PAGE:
pedant

noun
ped·​ant | \ˈpe-dᵊnt \

Definition of pedant 

1 obsolete : a male schoolteacher

2a : one who makes a show of knowledge

b : one who is unimaginative or who unduly emphasizes minutiae in the presentation or use of knowledge

c : a formalist or precisionist in teaching

Examples of pedant in a Sentence

All too often, science fiction provokes the pedant in professional scientists, for whom a beautiful story can be ruined by a single petty error. — Jerry A. Coyne, New York Times Book Review, 10 Oct. 1999 A controversialist, crusty, critical, arrogant, a pedant, he was attacked by his contemporaries for sacrilege, impudence, temerity and presumption—among other imperfections. — Carl Sagan, The Demon-Haunted World, 1996 This pioneer of the Age of the Sea, who deserves fame as an opener of the modern mind, has been caught in the cross fire of chauvinists, pedants, and ignorant but enthusiastic men of letters. — Daniel J. Boorstin, The Discoverers, 1983 A zealous pedant, Flaubert defended the accuracy of his historical novels with wearisome tenacity, as if accuracy could compensate for their lack of lived experience. — James Atlas, New York Times Book Review, 17 Oct. 1982
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Recent Examples on the Web

Heck, even the creator of PGP (OK, GPG, for you pedants), Phil Zimmerman himself, asked us back in 2014 to resend something to him in plaintext. Cyrus Farivar, Ars Technica, "Here’s how to send Ars confidential information, securely," 2 June 2018 Ending a case that electrified punctuation pedants, grammar goons and comma connoisseurs, Oakhurst Dairy settled an overtime dispute with its drivers that hinged entirely on the lack of an Oxford comma in state law. Daniel Victor, New York Times, "Oxford Comma Dispute Is Settled as Maine Drivers Get $5 Million," 9 Feb. 2018 Apostolina is dryly amusing as a strangely noble huckster who plays fast and loose with the law, while Nagle chills as a pedophilic pedant skilled in the art of self-justification. F. Kathleen Foley, latimes.com, "In Atwater, a dark secret at the center of 'Forever Bound'," 25 May 2018 The internet has always been a cozy home for partisans and pedants, conspiracists and crusaders, but gradually, their spirit has crept into the rest of our lives. Michelle Dean, New York Times, "It’s Getting Harder to Sort the ‘Credible’ from the Incredible," 30 Jan. 2018 His performance would benefit from a bit more of Thurman Arnold, and a bit less of the antitrust pedant. Holman W. Jenkins, WSJ, "How Justice Went Wrong on AT&T," 12 Dec. 2017 Football fans are well versed in Michy Batshuayi's pedant for being a social media fiend. SI.com, "PHOTO: Diego Costa Leaves Michy Batshuayi & Chelsea Fans Confused Over Baffling Instagram Comment," 10 Oct. 2017 Pedants will quibble that the book is built on individual themes that others have looked at more deeply. The Economist, "A new way to workWhat will business technology look like tomorrow?," 13 July 2017 Rather than pin the butterfly of English to the specimen board, Stamper presents the language in its natural habitat, full of contradictions, breaking the hearts of pedants everywhere. Jenni Laidman, chicagotribune.com, "'Word by Word' leads this week's audiobook roundup," 2 May 2017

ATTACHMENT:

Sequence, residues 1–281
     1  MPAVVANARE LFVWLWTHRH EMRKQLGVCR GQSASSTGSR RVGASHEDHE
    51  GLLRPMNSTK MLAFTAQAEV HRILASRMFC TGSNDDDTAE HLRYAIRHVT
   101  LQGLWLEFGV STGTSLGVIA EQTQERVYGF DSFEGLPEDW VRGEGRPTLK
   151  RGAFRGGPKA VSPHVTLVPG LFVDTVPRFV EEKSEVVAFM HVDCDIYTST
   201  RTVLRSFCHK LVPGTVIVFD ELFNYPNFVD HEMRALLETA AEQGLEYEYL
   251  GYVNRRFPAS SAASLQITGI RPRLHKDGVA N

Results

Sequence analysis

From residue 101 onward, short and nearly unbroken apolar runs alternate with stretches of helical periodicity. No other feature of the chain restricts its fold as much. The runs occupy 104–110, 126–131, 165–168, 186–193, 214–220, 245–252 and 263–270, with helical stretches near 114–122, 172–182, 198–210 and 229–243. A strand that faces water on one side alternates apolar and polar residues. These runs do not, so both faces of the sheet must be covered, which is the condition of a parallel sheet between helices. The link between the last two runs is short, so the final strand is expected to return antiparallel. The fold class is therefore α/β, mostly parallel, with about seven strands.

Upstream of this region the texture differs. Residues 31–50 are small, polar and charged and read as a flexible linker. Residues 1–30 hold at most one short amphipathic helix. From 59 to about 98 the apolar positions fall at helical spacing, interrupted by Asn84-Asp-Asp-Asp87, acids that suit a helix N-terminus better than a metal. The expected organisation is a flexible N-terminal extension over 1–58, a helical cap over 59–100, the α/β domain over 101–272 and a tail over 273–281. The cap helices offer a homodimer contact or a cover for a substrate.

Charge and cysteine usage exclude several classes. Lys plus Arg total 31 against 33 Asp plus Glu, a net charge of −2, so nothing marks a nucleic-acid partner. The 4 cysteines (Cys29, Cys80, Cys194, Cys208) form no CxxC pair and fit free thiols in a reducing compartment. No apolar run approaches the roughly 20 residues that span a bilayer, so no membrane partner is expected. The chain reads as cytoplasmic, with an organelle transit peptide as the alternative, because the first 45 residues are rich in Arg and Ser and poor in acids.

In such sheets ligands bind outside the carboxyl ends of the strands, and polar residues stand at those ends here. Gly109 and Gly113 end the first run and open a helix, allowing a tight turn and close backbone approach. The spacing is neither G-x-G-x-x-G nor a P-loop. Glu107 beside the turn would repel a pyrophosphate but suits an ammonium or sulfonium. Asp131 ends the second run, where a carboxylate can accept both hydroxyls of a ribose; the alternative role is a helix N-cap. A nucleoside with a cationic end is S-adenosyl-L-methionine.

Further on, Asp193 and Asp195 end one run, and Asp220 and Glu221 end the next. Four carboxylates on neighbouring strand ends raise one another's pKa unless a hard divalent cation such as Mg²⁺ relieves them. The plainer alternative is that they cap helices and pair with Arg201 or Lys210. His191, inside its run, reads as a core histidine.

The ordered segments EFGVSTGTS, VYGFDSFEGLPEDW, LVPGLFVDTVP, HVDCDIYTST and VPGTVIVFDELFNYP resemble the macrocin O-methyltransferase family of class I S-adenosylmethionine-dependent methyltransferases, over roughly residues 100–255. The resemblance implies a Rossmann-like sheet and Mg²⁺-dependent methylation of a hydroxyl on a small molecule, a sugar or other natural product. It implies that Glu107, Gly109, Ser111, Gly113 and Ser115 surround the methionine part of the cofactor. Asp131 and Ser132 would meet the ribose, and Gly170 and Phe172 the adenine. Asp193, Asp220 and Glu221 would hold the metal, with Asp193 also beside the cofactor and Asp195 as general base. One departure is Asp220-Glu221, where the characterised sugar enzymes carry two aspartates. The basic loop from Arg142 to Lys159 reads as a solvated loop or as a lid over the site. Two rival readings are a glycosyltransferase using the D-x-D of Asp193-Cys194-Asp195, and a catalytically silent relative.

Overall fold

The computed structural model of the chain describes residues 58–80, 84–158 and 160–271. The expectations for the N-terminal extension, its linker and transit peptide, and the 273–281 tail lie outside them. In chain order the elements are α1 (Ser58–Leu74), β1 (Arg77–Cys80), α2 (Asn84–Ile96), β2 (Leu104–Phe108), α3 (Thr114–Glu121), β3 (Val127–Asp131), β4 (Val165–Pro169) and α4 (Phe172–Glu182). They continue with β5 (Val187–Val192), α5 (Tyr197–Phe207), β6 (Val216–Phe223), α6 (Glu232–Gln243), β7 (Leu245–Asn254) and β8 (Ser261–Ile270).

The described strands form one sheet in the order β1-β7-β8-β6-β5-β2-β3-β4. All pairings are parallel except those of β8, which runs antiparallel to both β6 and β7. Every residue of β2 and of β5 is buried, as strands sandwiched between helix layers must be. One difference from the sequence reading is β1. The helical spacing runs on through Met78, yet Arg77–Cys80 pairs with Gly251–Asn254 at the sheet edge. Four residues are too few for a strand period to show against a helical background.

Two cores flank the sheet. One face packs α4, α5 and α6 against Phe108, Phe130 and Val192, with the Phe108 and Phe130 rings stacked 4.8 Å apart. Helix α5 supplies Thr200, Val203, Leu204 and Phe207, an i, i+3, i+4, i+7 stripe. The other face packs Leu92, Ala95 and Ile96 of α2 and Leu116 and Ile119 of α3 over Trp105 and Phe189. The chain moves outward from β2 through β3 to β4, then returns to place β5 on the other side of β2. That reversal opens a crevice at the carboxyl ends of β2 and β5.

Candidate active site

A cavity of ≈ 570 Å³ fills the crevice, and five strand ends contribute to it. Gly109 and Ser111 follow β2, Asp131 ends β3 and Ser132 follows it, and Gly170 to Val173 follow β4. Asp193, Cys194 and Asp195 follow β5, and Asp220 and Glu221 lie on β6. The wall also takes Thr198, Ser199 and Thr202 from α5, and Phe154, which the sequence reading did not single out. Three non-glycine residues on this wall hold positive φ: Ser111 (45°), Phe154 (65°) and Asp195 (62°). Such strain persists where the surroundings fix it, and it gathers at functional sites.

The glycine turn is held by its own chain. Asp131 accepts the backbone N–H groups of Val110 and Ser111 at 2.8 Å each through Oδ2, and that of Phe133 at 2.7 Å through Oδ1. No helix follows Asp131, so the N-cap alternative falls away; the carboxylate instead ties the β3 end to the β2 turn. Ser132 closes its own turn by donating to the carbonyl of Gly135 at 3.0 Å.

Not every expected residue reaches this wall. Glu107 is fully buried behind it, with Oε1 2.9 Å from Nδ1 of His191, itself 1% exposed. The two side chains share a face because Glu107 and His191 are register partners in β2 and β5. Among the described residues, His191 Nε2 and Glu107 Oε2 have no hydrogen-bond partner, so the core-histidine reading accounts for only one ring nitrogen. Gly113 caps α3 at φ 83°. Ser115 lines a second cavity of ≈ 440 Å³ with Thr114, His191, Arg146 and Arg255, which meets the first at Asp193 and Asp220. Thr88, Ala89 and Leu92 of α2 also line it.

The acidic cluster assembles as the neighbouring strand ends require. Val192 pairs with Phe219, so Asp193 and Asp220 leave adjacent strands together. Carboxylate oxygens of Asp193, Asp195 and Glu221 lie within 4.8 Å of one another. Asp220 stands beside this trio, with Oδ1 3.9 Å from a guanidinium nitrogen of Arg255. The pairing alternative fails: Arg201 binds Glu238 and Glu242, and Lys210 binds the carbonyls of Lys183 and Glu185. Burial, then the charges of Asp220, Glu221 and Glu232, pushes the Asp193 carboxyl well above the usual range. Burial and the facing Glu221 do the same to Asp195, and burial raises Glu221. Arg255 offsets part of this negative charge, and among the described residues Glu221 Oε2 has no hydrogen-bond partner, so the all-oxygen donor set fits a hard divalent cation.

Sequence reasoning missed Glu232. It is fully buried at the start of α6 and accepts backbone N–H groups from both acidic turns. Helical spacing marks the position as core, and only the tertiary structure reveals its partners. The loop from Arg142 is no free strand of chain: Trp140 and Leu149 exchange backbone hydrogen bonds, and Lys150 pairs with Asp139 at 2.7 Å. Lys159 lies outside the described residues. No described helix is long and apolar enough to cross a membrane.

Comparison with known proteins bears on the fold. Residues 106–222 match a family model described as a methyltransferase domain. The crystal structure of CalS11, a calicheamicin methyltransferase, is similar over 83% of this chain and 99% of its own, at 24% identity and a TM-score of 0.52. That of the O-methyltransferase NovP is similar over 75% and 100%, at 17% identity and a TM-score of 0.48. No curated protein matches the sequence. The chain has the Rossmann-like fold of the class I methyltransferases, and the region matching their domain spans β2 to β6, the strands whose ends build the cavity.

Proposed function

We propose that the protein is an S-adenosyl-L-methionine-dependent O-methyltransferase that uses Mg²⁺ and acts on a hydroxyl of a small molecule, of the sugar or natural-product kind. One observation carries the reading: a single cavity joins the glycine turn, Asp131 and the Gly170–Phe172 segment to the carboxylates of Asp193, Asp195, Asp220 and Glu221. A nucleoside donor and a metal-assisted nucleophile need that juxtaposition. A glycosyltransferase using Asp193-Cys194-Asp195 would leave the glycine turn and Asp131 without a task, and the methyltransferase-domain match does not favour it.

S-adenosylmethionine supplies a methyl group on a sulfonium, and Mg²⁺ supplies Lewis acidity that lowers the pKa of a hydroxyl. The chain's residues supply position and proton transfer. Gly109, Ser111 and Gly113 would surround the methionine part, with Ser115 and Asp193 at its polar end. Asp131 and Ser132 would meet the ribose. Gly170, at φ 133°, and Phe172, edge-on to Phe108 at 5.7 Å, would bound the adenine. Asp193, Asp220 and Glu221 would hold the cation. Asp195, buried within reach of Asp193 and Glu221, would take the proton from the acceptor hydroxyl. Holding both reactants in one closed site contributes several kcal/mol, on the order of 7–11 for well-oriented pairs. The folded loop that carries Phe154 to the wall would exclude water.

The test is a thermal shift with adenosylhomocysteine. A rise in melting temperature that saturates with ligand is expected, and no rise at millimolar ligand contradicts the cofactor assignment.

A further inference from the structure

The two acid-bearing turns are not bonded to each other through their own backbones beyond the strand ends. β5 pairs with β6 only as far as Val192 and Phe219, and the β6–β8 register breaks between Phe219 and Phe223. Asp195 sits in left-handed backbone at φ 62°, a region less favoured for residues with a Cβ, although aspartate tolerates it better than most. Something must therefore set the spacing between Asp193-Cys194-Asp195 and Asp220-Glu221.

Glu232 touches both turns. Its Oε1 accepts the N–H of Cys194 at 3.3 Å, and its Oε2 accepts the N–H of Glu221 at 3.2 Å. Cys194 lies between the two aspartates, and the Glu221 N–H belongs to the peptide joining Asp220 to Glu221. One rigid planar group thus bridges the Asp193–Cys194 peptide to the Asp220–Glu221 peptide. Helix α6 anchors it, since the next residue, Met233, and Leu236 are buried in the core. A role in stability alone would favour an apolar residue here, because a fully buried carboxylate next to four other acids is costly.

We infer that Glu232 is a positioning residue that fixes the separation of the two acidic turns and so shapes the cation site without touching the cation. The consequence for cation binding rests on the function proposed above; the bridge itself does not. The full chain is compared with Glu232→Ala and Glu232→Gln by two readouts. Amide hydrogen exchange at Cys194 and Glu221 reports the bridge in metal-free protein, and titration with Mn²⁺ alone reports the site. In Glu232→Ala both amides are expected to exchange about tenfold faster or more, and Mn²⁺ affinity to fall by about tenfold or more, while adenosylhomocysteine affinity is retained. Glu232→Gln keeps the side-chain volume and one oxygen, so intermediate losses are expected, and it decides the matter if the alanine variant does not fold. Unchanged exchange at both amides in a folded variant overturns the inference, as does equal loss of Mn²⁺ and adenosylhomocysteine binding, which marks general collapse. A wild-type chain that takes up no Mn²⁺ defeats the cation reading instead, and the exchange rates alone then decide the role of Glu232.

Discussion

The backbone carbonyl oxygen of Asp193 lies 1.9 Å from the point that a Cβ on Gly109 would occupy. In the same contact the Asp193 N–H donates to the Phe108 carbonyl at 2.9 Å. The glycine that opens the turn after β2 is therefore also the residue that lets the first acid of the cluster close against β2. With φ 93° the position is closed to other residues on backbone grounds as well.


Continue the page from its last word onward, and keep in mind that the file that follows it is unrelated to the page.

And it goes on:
These example sentences are selected automatically from various online news sources to reflect current usage of the word 'pedant.' Views expressed in the examples do not represent the opinion of Merriam-Webster or its editors. Send us feedback.

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First Known Use of pedant

1588, in the meaning defined at sense 1

History and Etymology for pedant

Middle French, from Italian pedante

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Time Traveler for pedant

The first known use of pedant was in 1588

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More Definitions for pedant

pedant

noun

English Language Learners Definition of pedant

: a person who annoys other people by correcting small errors and giving too much attention to minor details

More from Merriam-Webster on pedant

Spanish Central: Translation of pedant

Nglish: Translation of pedant for Spanish Speakers

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obstinately defiant of authority

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